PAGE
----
1. Clone the tudatBundle:json repository and its submodules:
git clone -b json --recursive

If you don’t have git installed on your machine, download it from here.

  1. Install CMake.
  2. Install MATLAB R2016b or later.
  3. After choosing a definitive location for your tudatBundle directory, run the script tudatBundle/matlabInterface/setup.m in MATLAB.
  4. Run the script tudatBundle/matlabInterface/build.m in MATLAB to compile all the necessary targets for the MATLAB Interface to work.
  5. If you get an error or prefer to compile the targets manually, you can use Qt Creator (see how to Setup Development Environment). After the project tudatBundle has been built, run the MATLAB Interface’s unit tests by writing in MATLAB’s Command Window:

If you want to move, rename or delete your tudatBundle/matlabInterface directory, remove it first from MATLAB’s path by using pathtool.

When building with Qt Creator and running the tests in MATLAB, if all of them fail, the source of the problem may have to do with MATLAB being unable to locate some of the dynamic libraries. Pick one of the tests and run in from Qt creator. It it passes, then in Qt creator go to Projects > Build > Build Environment and check the value of the variable PATH. If some of the paths indicated there refer to Qt, you will have to add them to the MATLAB Interface manually. For instance, in MATLAB’s Command Window:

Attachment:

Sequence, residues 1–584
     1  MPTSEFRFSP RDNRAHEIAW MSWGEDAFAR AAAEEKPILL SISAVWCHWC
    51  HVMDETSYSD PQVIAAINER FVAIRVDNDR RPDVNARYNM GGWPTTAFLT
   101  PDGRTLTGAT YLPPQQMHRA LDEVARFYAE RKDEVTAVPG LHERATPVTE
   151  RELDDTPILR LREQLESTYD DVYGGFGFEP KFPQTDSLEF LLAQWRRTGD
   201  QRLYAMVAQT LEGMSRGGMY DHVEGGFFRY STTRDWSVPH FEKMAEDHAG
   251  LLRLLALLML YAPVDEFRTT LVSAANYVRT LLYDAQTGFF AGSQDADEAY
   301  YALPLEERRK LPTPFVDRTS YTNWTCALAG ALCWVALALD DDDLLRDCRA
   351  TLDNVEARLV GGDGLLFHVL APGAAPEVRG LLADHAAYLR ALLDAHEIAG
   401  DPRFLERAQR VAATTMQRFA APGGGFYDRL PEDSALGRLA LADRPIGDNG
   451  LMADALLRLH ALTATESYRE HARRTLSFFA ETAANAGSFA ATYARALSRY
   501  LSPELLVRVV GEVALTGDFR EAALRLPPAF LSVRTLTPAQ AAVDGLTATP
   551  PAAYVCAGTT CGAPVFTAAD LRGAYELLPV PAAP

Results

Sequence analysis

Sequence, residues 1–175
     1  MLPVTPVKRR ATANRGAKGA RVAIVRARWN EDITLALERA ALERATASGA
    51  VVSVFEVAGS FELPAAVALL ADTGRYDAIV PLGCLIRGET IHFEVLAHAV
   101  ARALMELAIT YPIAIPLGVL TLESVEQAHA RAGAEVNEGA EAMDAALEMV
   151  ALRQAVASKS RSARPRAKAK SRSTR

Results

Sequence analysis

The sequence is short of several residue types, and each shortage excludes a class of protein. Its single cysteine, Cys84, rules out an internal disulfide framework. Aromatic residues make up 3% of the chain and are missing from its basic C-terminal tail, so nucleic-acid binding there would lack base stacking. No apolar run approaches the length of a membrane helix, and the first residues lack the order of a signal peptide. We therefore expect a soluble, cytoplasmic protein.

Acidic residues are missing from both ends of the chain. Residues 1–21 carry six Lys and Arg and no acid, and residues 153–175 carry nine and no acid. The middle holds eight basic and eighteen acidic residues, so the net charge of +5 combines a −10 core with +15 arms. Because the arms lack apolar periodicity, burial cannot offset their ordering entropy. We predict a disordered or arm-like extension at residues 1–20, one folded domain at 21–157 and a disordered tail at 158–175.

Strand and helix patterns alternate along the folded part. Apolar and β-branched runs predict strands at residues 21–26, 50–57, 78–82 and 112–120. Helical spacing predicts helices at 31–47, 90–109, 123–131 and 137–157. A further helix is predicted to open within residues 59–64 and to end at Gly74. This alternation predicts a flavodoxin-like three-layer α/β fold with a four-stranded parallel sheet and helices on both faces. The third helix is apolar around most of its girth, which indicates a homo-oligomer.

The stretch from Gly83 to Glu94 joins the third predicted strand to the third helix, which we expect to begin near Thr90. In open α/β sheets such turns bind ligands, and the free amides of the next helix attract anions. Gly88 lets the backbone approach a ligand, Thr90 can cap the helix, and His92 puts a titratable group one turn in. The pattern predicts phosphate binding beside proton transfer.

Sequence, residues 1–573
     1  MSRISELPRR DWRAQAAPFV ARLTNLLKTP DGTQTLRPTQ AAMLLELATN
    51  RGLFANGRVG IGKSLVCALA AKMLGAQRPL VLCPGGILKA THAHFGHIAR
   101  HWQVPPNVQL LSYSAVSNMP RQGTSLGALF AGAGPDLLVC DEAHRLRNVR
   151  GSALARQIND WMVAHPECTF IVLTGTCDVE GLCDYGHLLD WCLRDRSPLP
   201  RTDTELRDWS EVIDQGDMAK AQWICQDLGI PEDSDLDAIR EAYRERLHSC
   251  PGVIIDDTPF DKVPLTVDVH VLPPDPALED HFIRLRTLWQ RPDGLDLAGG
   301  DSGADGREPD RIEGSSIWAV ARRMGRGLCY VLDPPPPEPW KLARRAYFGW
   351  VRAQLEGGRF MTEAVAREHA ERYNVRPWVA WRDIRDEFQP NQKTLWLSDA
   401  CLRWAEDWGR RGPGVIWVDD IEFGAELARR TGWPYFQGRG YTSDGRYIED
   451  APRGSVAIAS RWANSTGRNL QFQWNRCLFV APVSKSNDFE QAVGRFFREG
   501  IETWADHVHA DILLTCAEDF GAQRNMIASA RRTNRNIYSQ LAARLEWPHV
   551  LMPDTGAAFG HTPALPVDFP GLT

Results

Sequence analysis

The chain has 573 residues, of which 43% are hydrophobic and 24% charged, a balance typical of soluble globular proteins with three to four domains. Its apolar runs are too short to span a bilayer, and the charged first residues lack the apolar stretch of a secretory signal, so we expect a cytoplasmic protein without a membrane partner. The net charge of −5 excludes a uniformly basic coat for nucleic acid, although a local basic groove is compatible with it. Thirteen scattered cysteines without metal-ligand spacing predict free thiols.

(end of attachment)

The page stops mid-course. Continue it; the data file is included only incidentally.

This setting is set permanently, so you won’t need to run this command again in future MATLAB sessions. If you need to specify several paths, use ; as separator (on UNIX systems, using : as separator is also valid).

After performing this step, try running the tests again. If all of them fail, open an issue on GitHub. If only some of them fail, open an individual issue on GitHub for each. Depending on the severity and percentage of features affected by the problem, you may be able to run the examples in the tudatBundle/matlabInterface/Examples folder.